In­clu­sive de­vel­op­ment and syn­ergy

The Freeman - - OPINION -

It’s, of course, good that our po­lit­i­cal lead­ers are talk­ing about in­clu­sive de­vel­op­ment and growth. Let’s hope the in­ter­est in gen­uine and is sus­tained to its last con­se­quences. We just have to clar­ify what “in­clu­sive de­vel­op­ment” re­ally means, see what ways we can achieve it and what things it re­quires.

In­clu­sive de­vel­op­ment is when such de­vel­op­ment and growth is a prod­uct of the work or due con­tri­bu­tion of all the com­po­nents of a given so­ci­ety. It also means that the fruits of de­vel­op­ment are eq­ui­tably dis­trib­uted and en­joyed by all.

This is the ideal. The re­al­ity is, of course, al­ways a work in progress with all kinds of hur­dles to over­come. But one thing is clear. All ef­forts to pur­sue this ideal sim­ply can­not be based on some eco­nomic, so­cial or po­lit­i­cal ma­neu­ver­ings alone, much less, on some sys­tems and struc­tures only.

The first re­quire­ment is that all ef­forts in this re­gard, be they eco­nomic, so­cial or po­lit­i­cal in char­ac­ter, should be an off­shoot of a gen­uine spirit of a univer­sal and in­clu­sive love and con­cern for the in­te­gral de­vel­op­ment of ev­ery­one.

With­out this spirit clearly mo­ti­vat­ing all these ef­forts, things just can­not pros­per and are doomed to col­lapse sooner or later.

There might be some tem­po­rary ad­van­tages and ben­e­fits, but for sure these can­not last long and may even be a sweet poi­son.

And this spirit is none other than the spirit of Christ who is the pat­tern of our hu­man­ity in all its as­pects, and the redeemer of our dam­aged hu­man con­di­tion here on earth. This spirit of Christ con­tin­ues to in­ter­vene in our life, shap­ing and di­rect­ing it to its proper end. We need to cor­re­spond to this re­al­ity as fully as pos­si­ble.

When we have this spirit of Christ, we will re­al­ize that in­clu­sive de­vel­op­ment is a mat­ter of truly lov­ing ev­ery­one as he or she is, and also as he or she ought to be. It does not treat ev­ery­one in the same way, since not ev­ery­one is the same. The dis­tinc­tions and dif­fer­ences are ac­knowl­edged and are acted upon ac­cord­ingly.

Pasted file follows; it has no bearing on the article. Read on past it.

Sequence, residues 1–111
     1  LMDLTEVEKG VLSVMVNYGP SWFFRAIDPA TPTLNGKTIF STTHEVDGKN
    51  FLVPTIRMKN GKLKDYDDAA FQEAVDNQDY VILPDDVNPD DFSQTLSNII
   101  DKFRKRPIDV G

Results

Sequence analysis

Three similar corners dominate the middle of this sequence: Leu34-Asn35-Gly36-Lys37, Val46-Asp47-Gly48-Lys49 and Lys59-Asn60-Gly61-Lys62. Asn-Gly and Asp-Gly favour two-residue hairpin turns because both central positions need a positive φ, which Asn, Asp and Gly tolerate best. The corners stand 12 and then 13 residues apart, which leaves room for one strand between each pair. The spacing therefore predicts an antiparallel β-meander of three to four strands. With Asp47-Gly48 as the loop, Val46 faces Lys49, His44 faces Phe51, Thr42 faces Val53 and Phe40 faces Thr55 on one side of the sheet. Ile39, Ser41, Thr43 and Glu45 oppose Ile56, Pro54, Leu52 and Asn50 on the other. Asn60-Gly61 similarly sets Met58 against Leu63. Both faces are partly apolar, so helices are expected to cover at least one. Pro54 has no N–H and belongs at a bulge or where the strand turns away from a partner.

It’s an ever-dy­namic process, guided by some rules that in them­selves also have to be dy­namic, never frozen and static and sim­ply ap­plied blindly or in­dis­crim­i­nately. These laws and rules have to con­tin­u­ally evolve and re­fine them­selves to bet­ter adapt to the con­di­tions on the ground.

Of course, these laws have to be clear about what are of ab­so­lute value that should not changed, and what are of rel­a­tive value that can change and some­times, should change.

With this Chris­tian spirit, in­clu­sive de­vel­op­ment is a mat­ter of cre­at­ing a syn­er­gis­tic mech­a­nism where all the com­po­nents and sec­tors of a given so­ci­ety mu­tu­ally help each other.

This Chris­tian view of in­clu­sive de­vel­op­ment is not blind to the fact that there are peo­ple and sec­tors that can be con­sid­ered as weak, help­less and un­pro­duc­tive like chil­dren, the old peo­ple, those with dis­abil­i­ties of all kinds—phys­i­cal, men­tal, emo­tional and even moral.

The qual­ity of in­clu­sive de­vel­op­ment can some­how be gauged by its ef­forts to look af­ter the weak sec­tors of our so­ci­ety. In other words, more than just eco­nomic, so­cial or po­lit­i­cal mea­sures, it is the kind of char­ity that is in­volved that would de­ter­mine the kind of in­clu­sive de­vel­op­ment we are pur­su­ing.

This Chris­tian view of in­clu­sive de­vel­op­ment cer­tainly re­quires that each one of us truly care for one an­other. Our con­cern for the oth­ers should go all the way to their spir­i­tual and moral needs, not just their eco­nomic needs, etc.

‘This Chris­tian view of in­clu­sive de­vel­op­ment is not blind to the fact that there are peo­ple and sec­tors that can be con­sid­ered as weak, help­less

and un­pro­duc­tive like chil­dren, the old peo­ple, those with dis­abil­i­ties of all kinds— phys­i­cal, men­tal, emo­tional

and even moral.’

Newspapers in English

Newspapers from Philippines

© PressReader. All rights reserved.